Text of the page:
Post Process

Everything to do with E-discovery & ESI

Articles for a Monday Morning

Posted by rjbiii on November 23, 2009

Just in case you don’t have enough to do, here are some articles of interest:

In-house lawyers: poor data procedures hampering response to litigation and regulatory inquiriesA rise in litigation and regulatory investigations is causing headaches for in-house legal departments, according to research published today by KPMG, the accounting firm.
A survey of over 200 senior lawyers worldwide found that many legal departments are having difficulty responding to disclosure requests because of problems retrieving information from within their organisations. Poor or non-existent procedures for collecting and processing data is causing delays, adding significant extra costs and could even lead to loss of data.

SEC’s expansion of Sarbanes-Oxley Act could mean big costs for smaller companies
This was a newsy little tidbit affecting thousands of small public companies, but it was mostly relegated to the back pages of newspapers, if it was covered at all.

The Securities and Exchange Commission announced recently that small public companies will no longer get a reprieve from complying with the Sarbanes-Oxley Act of 2002.

Next year, they will have to hire auditors to attest to the adequacy of their companies’ internal control systems, and that means heavy additional expense. Internal control basically refers to the way a company tracks inventory, accounts payable and cash.

CFOs High-five on 404 Rollback Bill
The news last week that the requirements of Section 404(b) of the Sarbanes-Oxley Act might never, ever come to bear for small companies had Jeff Klausner, CFO of Infosonics, a wireless-equipment provider with a market cap of around $14 million, “doing backflips,” he says. “This wouldn’t change anything that we do; it would just save us a bunch of money on audit fees.”

The proposed Sarbanes-Oxley amendment, co-authored by Rep. Scott Garrett (R-N.J.) and Rep. John Adler (D-N.J.), has so far been passed only by the House of Representatives Financial Services Committee. Already, though, it has ignited plenty of interest. The proposal would permanently exempt companies with market caps of $75 million or below from 404(b) — following several compliance deadline extensions that the Securities and Exchange Commission has already granted them.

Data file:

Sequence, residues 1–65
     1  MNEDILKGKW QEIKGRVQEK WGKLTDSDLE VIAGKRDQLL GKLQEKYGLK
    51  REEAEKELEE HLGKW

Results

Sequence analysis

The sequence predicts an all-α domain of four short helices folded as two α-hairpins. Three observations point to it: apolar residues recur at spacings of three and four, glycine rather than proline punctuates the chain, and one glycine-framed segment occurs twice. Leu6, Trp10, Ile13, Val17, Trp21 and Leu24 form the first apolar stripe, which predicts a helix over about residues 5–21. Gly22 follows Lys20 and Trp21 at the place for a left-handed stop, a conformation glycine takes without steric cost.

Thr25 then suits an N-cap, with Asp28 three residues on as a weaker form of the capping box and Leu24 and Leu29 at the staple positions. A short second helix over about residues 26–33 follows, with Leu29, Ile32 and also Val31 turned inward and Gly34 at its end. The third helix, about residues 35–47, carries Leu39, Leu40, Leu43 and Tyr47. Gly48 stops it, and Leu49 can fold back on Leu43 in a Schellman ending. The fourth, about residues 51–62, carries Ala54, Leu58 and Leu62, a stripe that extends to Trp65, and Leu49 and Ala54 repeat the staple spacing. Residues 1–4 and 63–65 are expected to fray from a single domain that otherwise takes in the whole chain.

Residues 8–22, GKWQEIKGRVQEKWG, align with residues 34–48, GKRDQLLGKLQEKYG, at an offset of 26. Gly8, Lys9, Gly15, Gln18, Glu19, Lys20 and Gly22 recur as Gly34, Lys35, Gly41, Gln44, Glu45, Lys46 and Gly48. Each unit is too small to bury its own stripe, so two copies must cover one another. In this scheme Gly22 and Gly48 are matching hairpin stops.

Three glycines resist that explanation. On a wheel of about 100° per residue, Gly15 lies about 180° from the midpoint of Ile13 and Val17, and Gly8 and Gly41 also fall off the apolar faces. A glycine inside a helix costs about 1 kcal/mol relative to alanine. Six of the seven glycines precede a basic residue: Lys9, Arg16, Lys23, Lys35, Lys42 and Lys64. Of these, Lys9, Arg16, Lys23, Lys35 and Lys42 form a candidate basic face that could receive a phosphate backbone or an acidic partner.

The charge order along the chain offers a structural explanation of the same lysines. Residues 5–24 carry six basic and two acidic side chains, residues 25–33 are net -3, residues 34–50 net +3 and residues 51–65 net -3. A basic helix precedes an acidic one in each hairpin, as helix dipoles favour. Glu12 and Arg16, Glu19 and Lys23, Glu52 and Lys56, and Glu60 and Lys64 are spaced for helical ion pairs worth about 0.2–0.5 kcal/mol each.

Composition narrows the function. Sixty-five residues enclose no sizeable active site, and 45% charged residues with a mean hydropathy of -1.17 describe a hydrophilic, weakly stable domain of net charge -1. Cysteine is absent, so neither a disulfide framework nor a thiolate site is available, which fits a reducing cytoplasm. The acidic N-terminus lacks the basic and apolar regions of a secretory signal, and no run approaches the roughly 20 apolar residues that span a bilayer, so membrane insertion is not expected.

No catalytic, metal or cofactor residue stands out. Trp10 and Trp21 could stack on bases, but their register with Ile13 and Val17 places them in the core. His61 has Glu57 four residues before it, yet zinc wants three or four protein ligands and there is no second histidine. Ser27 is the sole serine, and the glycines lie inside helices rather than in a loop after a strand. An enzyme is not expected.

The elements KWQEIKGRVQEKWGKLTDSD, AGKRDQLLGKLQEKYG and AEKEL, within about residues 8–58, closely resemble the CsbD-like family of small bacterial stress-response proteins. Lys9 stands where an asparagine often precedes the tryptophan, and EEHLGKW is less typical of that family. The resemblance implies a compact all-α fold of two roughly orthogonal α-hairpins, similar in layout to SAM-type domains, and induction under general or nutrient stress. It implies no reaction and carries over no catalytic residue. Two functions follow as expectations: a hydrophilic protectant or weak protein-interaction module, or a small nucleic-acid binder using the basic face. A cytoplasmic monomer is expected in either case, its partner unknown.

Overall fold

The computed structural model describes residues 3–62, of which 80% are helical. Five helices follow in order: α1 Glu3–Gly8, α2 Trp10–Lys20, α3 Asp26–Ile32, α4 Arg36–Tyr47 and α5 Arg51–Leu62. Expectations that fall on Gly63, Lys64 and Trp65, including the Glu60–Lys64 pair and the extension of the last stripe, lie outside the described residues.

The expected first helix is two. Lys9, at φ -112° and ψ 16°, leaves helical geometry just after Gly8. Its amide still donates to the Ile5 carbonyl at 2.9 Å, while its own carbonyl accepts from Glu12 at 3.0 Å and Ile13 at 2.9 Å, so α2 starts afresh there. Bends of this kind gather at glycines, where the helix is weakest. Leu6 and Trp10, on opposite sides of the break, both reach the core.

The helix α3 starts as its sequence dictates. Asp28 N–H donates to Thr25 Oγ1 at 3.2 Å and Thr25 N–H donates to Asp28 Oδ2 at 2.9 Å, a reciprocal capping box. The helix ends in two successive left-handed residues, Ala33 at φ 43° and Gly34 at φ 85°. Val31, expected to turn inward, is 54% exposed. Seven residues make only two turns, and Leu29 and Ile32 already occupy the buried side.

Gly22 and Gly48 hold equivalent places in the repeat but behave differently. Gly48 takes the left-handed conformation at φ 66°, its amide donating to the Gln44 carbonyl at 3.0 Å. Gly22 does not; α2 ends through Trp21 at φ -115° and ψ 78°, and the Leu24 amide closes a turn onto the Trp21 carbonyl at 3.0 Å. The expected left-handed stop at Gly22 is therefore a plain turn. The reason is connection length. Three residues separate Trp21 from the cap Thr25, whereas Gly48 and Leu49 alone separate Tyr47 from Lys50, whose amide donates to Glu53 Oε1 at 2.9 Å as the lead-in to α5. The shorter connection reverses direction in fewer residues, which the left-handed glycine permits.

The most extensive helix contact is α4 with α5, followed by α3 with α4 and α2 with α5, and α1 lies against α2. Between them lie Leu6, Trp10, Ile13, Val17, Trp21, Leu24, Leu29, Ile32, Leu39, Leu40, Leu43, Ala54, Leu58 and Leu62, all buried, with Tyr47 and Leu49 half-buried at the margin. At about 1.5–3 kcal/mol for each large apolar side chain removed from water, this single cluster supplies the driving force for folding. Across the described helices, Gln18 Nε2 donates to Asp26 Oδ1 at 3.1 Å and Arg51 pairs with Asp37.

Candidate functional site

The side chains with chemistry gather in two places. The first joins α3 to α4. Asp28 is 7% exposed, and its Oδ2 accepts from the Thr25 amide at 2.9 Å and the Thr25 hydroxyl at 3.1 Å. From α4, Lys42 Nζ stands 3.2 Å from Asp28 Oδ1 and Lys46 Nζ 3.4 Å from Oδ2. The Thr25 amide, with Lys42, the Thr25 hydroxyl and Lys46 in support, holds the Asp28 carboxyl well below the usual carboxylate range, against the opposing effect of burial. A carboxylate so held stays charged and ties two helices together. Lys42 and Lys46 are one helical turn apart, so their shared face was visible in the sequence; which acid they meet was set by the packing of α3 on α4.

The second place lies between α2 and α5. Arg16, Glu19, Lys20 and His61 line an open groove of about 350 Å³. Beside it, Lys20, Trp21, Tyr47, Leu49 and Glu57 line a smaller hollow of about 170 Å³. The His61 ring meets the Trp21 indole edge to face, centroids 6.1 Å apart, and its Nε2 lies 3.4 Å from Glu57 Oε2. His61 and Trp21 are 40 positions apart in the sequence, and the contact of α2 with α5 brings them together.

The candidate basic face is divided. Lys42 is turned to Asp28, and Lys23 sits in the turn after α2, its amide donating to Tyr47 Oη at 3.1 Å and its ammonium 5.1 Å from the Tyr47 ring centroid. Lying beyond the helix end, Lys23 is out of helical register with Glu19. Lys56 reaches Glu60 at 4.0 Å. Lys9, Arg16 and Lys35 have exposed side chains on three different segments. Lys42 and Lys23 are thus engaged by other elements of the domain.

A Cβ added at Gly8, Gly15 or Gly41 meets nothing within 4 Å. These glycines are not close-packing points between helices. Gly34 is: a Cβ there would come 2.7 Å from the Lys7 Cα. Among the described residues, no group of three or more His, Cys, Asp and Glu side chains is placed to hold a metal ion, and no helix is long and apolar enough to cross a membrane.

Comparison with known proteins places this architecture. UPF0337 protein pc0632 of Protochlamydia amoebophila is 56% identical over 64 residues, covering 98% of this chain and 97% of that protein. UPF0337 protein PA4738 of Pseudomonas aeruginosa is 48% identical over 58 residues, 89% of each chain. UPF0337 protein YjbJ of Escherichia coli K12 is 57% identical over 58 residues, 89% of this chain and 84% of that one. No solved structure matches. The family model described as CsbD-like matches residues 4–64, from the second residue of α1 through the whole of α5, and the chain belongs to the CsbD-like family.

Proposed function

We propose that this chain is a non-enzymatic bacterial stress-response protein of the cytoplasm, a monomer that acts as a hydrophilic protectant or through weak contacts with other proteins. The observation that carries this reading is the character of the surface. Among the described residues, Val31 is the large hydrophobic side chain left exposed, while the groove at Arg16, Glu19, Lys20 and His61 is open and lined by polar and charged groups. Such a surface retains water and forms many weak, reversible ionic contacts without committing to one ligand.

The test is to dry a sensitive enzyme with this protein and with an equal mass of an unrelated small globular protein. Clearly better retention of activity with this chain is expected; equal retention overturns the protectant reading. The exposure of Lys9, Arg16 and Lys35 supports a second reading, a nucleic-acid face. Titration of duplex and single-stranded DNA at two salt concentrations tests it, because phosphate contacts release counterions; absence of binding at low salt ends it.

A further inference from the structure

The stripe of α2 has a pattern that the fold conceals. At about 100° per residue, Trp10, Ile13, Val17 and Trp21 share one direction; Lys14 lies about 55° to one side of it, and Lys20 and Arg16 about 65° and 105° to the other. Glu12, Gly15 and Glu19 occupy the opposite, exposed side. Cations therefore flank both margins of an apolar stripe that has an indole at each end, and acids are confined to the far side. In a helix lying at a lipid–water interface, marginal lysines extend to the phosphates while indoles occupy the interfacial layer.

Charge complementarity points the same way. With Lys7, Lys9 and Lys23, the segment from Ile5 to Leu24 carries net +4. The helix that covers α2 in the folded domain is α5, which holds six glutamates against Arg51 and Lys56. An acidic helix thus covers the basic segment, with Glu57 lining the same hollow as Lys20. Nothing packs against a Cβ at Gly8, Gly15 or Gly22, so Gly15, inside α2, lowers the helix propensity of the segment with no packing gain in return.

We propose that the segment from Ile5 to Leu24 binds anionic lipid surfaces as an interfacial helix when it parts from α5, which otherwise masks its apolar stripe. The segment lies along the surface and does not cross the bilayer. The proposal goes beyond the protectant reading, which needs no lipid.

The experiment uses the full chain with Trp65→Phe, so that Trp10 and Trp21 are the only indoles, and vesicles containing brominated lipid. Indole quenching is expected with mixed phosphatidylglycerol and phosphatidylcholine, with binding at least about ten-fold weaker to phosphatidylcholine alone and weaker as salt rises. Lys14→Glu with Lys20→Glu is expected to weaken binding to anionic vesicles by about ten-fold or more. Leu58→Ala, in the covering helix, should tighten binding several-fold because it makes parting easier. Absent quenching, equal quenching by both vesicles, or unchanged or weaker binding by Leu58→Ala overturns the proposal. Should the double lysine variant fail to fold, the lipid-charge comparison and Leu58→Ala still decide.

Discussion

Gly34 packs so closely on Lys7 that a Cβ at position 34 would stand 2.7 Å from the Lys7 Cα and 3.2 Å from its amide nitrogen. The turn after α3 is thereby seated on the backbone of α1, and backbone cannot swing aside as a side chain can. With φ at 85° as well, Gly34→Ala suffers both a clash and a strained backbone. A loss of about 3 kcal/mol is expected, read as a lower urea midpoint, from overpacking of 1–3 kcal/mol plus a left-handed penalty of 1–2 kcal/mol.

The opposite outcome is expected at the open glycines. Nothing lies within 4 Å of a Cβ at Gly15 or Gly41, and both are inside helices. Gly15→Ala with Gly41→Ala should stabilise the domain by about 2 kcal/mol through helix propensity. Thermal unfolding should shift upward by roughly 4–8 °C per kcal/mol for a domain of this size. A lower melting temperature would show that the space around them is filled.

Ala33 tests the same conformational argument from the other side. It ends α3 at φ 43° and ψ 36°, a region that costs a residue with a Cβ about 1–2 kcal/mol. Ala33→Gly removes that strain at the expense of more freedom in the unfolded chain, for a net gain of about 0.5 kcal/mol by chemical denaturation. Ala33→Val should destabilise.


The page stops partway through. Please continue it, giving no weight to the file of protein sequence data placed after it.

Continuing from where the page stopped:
A Call to Dialogue: EU Article 29 Data Protection Working Party Document 158 on Discovery for Cross-Border Civil Litigation
On February 11, 2009, the Article 29 Data Protection Working Party (Working Party) of the European Union issued a “Working Document” on the issue of pre-trial discovery for cross-border civil litigation (WP 158). The purpose of WP 158 is to provide guidance to persons who are involved in the processing and transfer of personal data in the context of cross-border civil litigation and regulatory investigations. This document is the first official EU recognition of the tensions between data privacy concerns of EU Member States and the legitimate need to conduct discovery for cross-border litigation.

WP 158 is “an invitation to public consultation with interested parties, courts in other jurisdictions and others to enter a dialogue with the Working Party,” rather than a fully developed set of principles and guidelines.*

WP 158 limits its discussion to (1) Preemptive document preservation in anticipation of proceedings before U.S. courts or in response to requests for litigation hold, known as “freezing;” and (2) Pre-trial discovery requests in U.S. civil litigation. It does not address the issues of (3) Document production in U.S. criminal and regulatory investigations; and (4) Criminal offences in the U.S. relating to data destruction (WP 158, p. 3).

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